Friday, November 2, 2012

Vocabulary investigations, starting from the French verb noyer

I periodically browse the Europe Échecs website, combining my love of chess with my love of the French language. A while ago I read some unfortunate French chess news which led me to look up the verb noyer (to drown [transitive]) in my Larousse French dictionary app. As I often enough do, I then looked up some "peripheral" words.

(Le) Noyer as a noun means walnut (the tree, or its wood), while (la) noix is used for walnut the nut. Larousse also mentions noix de cajou (cashew) and noix de coco (coconut), and has this comment about the English word nut:
terme générique pour les amandes, noisettes, noix etc.
(generic term for almonds, hazelnuts, walnuts, etc.), which made me wonder, "Is there no generic word for nut in French?"

Given the usage of noix as a component of other nut names, I had some suspicion that it might fill the bill. A native French speaker, a retired French professor (Merci, Mme J.), confirmed that noix could be so used, despite / beyond its primary meaning of walnut.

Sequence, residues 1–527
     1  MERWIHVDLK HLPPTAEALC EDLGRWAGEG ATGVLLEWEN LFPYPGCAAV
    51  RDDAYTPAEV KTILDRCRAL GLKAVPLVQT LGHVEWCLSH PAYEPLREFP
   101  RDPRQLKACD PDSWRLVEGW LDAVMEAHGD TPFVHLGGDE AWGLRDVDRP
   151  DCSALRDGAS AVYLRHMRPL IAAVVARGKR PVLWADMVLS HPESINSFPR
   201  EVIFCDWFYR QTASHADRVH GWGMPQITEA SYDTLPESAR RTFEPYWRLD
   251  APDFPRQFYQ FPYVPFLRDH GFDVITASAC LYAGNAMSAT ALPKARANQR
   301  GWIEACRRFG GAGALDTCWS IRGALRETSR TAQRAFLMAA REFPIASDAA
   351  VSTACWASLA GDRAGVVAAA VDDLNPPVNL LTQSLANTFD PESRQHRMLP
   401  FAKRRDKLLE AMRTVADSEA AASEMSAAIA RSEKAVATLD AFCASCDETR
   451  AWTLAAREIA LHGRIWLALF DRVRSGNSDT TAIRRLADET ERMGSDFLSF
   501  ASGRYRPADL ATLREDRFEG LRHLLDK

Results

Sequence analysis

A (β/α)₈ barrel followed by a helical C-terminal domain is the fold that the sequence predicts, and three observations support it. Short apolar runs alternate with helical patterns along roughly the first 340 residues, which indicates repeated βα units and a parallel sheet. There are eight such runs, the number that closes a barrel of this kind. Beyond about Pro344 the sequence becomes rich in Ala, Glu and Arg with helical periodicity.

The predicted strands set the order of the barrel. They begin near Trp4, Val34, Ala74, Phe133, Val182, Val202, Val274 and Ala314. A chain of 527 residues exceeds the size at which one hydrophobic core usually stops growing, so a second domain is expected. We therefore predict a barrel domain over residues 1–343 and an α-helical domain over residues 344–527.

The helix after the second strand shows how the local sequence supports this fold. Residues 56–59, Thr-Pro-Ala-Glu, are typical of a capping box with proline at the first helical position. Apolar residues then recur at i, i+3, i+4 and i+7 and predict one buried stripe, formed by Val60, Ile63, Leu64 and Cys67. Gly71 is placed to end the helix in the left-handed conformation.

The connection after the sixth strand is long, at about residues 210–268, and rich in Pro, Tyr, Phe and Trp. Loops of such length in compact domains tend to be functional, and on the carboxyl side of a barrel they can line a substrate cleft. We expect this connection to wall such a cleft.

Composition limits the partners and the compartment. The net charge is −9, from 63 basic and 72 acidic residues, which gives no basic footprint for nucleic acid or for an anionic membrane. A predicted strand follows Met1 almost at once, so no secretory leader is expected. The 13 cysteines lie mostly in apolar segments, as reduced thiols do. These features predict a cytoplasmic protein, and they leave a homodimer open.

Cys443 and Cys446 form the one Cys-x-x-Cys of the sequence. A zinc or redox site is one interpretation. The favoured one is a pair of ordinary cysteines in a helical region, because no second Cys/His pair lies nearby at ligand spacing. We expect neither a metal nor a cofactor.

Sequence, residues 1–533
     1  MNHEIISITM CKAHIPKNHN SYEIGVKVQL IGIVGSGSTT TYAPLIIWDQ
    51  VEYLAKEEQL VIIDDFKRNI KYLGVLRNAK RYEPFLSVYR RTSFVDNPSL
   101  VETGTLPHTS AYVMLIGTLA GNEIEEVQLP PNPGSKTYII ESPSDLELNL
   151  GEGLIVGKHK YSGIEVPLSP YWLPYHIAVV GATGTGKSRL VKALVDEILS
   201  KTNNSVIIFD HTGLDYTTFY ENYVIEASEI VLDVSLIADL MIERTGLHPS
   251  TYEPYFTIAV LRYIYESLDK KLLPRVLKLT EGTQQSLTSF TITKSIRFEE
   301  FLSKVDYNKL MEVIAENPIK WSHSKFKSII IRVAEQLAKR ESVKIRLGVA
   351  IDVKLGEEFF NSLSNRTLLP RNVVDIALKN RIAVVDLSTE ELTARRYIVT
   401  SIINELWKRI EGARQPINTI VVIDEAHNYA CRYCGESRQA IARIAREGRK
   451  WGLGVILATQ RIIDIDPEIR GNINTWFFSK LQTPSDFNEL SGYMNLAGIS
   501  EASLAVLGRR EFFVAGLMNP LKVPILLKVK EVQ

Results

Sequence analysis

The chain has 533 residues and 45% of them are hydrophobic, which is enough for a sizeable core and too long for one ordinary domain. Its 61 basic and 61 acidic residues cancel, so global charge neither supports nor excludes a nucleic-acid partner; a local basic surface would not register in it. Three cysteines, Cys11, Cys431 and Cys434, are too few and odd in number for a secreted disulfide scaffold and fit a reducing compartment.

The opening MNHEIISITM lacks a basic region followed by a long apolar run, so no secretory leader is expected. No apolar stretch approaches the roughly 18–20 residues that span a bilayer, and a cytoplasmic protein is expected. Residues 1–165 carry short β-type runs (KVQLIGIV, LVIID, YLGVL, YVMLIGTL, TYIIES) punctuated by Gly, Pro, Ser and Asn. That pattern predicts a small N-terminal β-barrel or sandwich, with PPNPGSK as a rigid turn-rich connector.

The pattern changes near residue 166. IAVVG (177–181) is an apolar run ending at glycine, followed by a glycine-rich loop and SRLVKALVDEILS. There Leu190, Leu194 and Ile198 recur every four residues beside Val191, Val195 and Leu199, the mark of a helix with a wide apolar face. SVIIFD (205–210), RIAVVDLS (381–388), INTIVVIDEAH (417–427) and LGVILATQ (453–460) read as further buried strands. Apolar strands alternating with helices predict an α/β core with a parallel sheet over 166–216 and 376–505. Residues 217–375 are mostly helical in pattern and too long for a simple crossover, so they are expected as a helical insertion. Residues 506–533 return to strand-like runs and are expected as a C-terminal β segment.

I also looked up se noyer, which means to drown (intransitive), potentially including the reflexive use of intentionally committing suicide that way. Just as in English, without adequate context (e.g., additional verbiage), it would not necessarily be clear which usage is meant.

Soon thereafter, I came across the word noyé (a drowned person) in Port Coton, a French pop song by Zaz, which I mentioned in this other blog entry. You never know where you'll come across new vocabulary words again, so grab as many as you can hang on to!

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